Courtesy of King of Diamonds
Do you remember the Venus of Willendorf? She's a fixture of high school history classes—a small statuette of a woman dug up in Austria in the 20s, known for both her age (30,000) and her body. Her breasts are large, as is her stomach. Her legs are short. She has neither arms nor a face.
The purpose of the venus is something scholars still enjoy debating. Some suspect she was a totem to be pegged into the ground, others, a ritual tool. Most salaciously, they called her a masturbation aid. All could agree the Venus was intended to be—and once surely was—beautiful. At that moment, at that time, she had the perfect body.
If the Venus of Willendorf points us to the ideal form of 25,000 BCE, where could one find today's Venus? Try behind the wall of a gated community in Calabasas, the home of Blac Chyna: the Venus of LA.
Today, we know Blac Chyna as a mother and social media celebrity who promotes teeth whitening kits over Instagram and becomes embroiled in tabloid conflicts in turns.
At birth, she was Angela White, a girl from Washington D.C who started stripping under the name Cream at 18—the same time she began enhancing her body. In 2006 (or thereabouts) she augmented her breasts, then her butt — the latter procedure was illegal, so Chyna has declined to detail it. She's credited the community of transwomen in D.C for hooking her up: "Through me being close with them I got the idea," she told Andrew Richardson in a rare interview. "You had to be cool with the trans-queens; they wouldn't give just any girl their plug." Of course, Chyna wasn't just any girl.
"It wasn't like making something out of nothing" she explained of the procedure, it's just that she wanted more; "I wanted it to be extra noticeable."
By 20, Chyna was living in Miami and dancing at King of Diamonds, the Strip Club to end all others. She'd given up Cream and assumed the pseudonym Blac Chyna, which implied was that her heritage was mixed, noticed it earned her a premium from men in the club. In essence, she changed herself until everything was large enough to fill out the shape of a star.
She quickly became King of Diamonds' Queen, telling Richardson, "It was easy for me, I think, because I stood out from the other girls: my body, my tattoos, I had blonde hair at the time." Rappers, magazines and blogs developed a fascination with Chyna that nobody else could satiate, simply because nobody else looked quite like her. Even those who didn't find Chyna beautiful had to admit she was memorable, which made her very powerful.
In that sense, Chyna's rise to guest spots on Keeping Up with the Kardashians, five million Instagram followers, and Daily Mail articles—the trifecta of a very contemporary breed of fame—was as inevitable as anything could be.
Chyna's journey to Hollywood geared into overdrive in late 2010 when Drake rapped "Call up King of Diamonds and tell Chyna that it's worth the flight." The line made it known to anyone listening that Chyna wasn't really a dancer, she was the dancer. Soon after the namedrop she began dating the rapper Tyga, left Miami for L.A, appeared in a string of videos for Nicki Minaj and formed a friendship with Kim Kardashian, even appearing on a couple episodes of the family's show. Chyna had arrived.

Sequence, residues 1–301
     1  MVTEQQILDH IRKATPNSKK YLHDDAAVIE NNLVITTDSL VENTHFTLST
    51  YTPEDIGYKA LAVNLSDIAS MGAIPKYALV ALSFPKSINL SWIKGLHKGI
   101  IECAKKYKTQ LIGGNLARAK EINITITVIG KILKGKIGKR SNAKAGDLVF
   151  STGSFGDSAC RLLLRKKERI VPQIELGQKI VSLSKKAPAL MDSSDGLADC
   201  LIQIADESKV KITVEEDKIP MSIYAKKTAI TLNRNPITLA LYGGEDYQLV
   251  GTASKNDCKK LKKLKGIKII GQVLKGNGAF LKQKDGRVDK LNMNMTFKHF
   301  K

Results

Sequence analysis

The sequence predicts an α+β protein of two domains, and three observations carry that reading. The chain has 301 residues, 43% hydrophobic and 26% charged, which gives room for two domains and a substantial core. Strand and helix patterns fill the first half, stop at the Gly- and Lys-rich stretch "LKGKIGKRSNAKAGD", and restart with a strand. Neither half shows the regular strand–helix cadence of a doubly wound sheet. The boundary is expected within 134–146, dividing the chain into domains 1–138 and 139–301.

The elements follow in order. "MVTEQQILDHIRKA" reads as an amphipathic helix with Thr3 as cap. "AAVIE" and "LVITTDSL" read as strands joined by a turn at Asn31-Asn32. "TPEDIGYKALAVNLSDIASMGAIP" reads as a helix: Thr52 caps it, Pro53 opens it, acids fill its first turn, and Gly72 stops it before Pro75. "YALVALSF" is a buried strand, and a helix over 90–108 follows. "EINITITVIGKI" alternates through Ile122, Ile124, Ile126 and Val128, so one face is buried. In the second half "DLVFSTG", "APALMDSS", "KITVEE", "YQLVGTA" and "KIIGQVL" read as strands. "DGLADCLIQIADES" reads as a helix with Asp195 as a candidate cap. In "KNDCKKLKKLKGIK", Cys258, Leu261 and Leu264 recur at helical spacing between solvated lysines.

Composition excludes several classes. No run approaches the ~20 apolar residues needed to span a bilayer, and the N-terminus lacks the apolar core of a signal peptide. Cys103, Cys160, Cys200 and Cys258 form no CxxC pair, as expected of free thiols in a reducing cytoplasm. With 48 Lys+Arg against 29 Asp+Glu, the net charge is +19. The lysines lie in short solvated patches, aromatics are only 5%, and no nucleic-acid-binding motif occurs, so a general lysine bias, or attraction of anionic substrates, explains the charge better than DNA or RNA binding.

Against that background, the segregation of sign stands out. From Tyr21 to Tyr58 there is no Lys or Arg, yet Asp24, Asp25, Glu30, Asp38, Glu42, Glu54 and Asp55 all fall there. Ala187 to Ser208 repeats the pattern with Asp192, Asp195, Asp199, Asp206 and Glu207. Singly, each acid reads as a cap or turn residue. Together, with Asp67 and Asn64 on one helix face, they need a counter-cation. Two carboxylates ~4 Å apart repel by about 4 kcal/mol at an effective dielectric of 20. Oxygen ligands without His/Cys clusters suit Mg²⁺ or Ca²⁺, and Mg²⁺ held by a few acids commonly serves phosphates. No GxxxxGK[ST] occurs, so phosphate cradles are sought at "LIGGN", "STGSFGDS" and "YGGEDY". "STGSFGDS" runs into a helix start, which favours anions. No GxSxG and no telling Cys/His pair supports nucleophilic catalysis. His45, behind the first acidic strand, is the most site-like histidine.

This isn't to say Drake "found" her. Neither did Tyga, nor Nicki nor Kim. Nobody did, Chyna demanded to be recognised, 'cause she was one of kind. That is, until everyone started to look a little like Chy.
She didn't invent the hourglass figure, of course — she herself credits the local trans community with giving her the idea. She did, however, near-singlehandedly introduced Hollywood to the enterprisingly augmented body.
Chyna's body wasn't the one she was born with, it was the one she chose to have, which makes it all the more significant.
It's fair to wonder, at first, why it is that Chyna exemplifies this new American ideal more so than any other bombshell who grew famous in the same time period. Yet even within the interconnected network of hyperreal hourglass women that surround Chyna and populate Calabasas, she shines more brightly. The scale of her vision was always different to her contemporaries. She never cared about creating something real. As she told Richardson: "I wanted it to be dramatic." Something more ambitious than 36-24-36.
To complain about fakeness is to miss the point: Chyna's body wasn't the one she was born with, it was the one she chose to have, which makes it all the more significant.
Consider that when Chyna underwent her first cosmetic procedure, in 2006, it was well before VICE had tuned into illegal ass injections, before the Kardashians turned juggernaut, before Nicki Minaj had even signed a record deal. (When Richardson suggested Minaj might have been inspired to change her body after meeting Chyna, she replied "Yea, I think so.")
Now, most women at King of Diamonds have ass injections. Fusion, a dancer there, told VICE the number sat around 75 to 80 percent. A cursory look at the gossip rags would suggest women in Hollywood have fat transfers in similar numbers. Ordinary Americans are dying in the underground pursuit of the impossible hourglass.
Meanwhile, the ghost of pre-fame Chyna lives online. You can still find, with relative ease, shaky phone footage of her dancing. In one video, Chy records herself practising in Ugg Boots and sweats while the club is closed. And so, the Venus of our time won't be dug up by archaeologists, she'll be cached.